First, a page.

So here we finally hit on the crux of the problem: The Reason for the Season. The Christmas Warriors want everyone to acknowledge that the ton of cash going into retail drawers is overwhelmingly (if not entirely) due to Christmas—the holiday, the tradition, the season. Solstice, Kwanzaa, Hanukkah, and whatever may be nice (even quaint and cute) little celebrations, but they will never generate the kind of cold, hard cash that Christmas has consistently been able to deliver. They want you to believe and proclaim that because of Christmas and only Christmas: Unto us an economic Savior was born. In other words, there better be some serious sucking up to Christians over Christmas or they’ll shut that whole economic thing down, by any means possible.
Because nothing demonstrates spiritually honoring the birth of your Messiah like this:
But what takes the cake is the rampant fabrication of offenses and slights—because all’s fair in love and war, right? And this is war (yes, war, you naive cherubs who thought Christmas was supposed to be about love).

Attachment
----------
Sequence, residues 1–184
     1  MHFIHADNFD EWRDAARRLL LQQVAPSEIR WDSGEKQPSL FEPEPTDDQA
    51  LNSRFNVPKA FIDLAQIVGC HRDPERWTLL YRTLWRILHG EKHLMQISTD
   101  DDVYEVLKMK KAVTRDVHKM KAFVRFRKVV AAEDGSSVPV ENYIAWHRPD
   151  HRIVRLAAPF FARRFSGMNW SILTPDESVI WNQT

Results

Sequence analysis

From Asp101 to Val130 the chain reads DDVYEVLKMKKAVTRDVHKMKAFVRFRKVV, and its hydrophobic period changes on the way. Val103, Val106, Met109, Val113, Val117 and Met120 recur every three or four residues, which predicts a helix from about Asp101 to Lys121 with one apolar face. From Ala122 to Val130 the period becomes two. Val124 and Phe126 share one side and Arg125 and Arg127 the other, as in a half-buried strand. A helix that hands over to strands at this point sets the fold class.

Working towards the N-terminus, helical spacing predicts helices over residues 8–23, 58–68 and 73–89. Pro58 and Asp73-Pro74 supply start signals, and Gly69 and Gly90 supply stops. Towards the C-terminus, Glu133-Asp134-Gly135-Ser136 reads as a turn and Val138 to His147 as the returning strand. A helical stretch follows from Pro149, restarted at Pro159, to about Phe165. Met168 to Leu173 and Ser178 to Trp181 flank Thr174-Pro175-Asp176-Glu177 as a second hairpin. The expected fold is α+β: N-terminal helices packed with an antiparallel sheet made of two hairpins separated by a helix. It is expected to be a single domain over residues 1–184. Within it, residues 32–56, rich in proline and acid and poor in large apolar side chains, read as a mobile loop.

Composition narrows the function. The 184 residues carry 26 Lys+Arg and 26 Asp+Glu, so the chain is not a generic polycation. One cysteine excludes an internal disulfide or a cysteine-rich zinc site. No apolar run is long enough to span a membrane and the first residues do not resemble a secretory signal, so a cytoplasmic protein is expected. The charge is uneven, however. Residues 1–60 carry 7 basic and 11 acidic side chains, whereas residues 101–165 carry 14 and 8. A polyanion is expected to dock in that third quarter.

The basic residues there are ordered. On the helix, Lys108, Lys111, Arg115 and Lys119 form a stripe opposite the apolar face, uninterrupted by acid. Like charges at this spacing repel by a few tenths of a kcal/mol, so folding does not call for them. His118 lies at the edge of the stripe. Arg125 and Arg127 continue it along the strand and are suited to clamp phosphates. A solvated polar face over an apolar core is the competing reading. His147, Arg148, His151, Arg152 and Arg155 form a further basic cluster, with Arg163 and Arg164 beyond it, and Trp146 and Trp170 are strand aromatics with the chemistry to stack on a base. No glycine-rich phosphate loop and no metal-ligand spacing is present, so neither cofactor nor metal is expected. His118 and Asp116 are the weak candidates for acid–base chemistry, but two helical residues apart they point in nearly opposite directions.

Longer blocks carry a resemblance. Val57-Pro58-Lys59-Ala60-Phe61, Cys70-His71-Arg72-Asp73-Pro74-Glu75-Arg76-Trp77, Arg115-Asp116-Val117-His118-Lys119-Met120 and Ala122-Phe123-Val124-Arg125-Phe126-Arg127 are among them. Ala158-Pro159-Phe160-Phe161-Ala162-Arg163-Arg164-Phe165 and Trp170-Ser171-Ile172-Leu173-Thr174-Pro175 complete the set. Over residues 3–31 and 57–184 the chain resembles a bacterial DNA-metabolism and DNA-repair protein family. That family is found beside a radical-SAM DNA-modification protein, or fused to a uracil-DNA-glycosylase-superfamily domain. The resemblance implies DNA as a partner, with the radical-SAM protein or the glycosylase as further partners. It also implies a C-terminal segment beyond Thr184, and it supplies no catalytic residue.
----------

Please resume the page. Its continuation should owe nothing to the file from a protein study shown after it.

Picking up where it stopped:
For example, this irresponsible report that school children’s Christmas cards were confiscated and they were being censored. As it happens, the cards were not student cards. In fact, this had nothing to do with the children at all. These were the personal cards that faculty brought in from their friends and families and their bulletin board was moved to a location that would protect their privacy. But why bother with facts when you can paint a Dickensian scene of demoralized school children, being deprived of a tradition they had loved for years and cue up the tear track?
I have never heard a credible report of a child getting in trouble at school for saying the word Christmas. Ever. And yet…
I encourage everyone to celebrate this season in exactly the way that brings them the most love, joy, and happiness, even if that means not celebrating at all. I implore you all to ignore the bloviating gasbags and their minions in the 101st Fighting Keyboard division and do your own thing and let others do theirs.
Or, if you’re so inclined, feel free to pile on.
(But be forewarned: that as of this writing, that meme was posted 14 hours ago and there is not yet one share.)